High fliers: Skydiving at Trent
Fourth-year English student Sarah Miller is addicted to the thrill of the dive. She feels that the sensation of leaping from a small airplane, 10,000 feet above the earth, is the epitome of freedom.
Many people might disagree and deem skydiving a game reserved for mad hatter and March hare types. But Sarah would suggest naysayers simply need to experience skydiving to have their opinions reversed.
"The first time I jumped I was really surprised at how beautiful it was. Once your parachute opens and you’re under the canopy, it’s very peaceful, floating down. It’s also fun. It doesn’t feel like falling at all, like you might feel on a roller coaster. It’s like flying," says Sarah.
Sarah’s first skydiving experience was a "tandem jump," which means she was in a harness attached to an instructor. They jumped together and, after 40 seconds of free fall, the instructor was responsible for opening the chute. Another option for first-time jumpers is a static line jump. In this type of jump, the plane ascends to about 4,000 feet and the jumper’s parachute opens automatically when they exit the plane.
"My first jump was on the Canada Day weekend in 2001," remembers Sarah. "I just wanted to try it, but I liked it so much that I’ve continued."
This year, Sarah decided to hook up with other Trent students who love skydiving or who might like to give it a try. She has formed the Trent Skydiving Club and held an information meeting in early October. So many people turned out that it was standing-room-only in the Otonabee College seminar room.
This is how the club will work: members will book group jumping dates at Skydive Toronto near Barrie, a drop zone that adheres to Canadian Sport Parachute Association regulations. Carpooling will be arranged and members who can attend will travel together for a two-day excursion. Jumps will be completed on the first day, followed by a stay-over at the site’s bunk houses, and more jumps can follow on the second day. The club’s first scheduled skydiving dates are November 2 and 3.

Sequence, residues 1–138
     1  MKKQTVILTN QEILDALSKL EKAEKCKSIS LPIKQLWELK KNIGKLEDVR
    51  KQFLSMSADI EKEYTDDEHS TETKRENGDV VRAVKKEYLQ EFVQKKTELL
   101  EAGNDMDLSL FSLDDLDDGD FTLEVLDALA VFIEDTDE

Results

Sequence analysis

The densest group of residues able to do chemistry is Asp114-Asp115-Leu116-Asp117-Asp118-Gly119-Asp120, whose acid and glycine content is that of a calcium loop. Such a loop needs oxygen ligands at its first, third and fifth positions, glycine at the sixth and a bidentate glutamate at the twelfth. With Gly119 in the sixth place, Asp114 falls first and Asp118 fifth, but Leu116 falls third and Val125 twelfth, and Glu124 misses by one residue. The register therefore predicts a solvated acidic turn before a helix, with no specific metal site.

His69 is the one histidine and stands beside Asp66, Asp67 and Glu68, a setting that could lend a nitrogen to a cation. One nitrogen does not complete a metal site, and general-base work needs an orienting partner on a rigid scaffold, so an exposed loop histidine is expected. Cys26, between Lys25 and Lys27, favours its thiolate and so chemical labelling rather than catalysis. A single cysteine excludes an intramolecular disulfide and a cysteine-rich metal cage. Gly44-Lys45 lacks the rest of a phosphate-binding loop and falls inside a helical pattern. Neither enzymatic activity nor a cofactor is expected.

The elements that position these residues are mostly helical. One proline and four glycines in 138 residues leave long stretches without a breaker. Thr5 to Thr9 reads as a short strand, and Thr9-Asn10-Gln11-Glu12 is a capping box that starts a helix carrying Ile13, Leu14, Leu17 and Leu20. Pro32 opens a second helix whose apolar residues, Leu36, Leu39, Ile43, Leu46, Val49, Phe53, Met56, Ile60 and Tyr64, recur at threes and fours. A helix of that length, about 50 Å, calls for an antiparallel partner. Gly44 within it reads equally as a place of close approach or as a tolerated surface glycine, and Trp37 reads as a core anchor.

"There’s no cost to stay in the bunk houses," says Sarah, adding that an individual’s first jump is more expensive than subsequent experiences. There is extensive instruction that leads up to the first jump, accounting for the higher initial price. Trent club members will pay $193 for their first static line jump and $258 for their first tandem jump. The rates drop to approximately $50 for subsequent jumps.
Sarah is hopeful there will be a good number of Trent students who attend the first excursion. Anyone interested can contact her directly at email@example.com or firstname.lastname@example.org. She can also be reached by phone at 748-5739.
Photo 1 : Sarah Miller is the driving force behind Trent’s new Skydiving Club.
Posted October 18, 2002
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Last updated October 24, 2002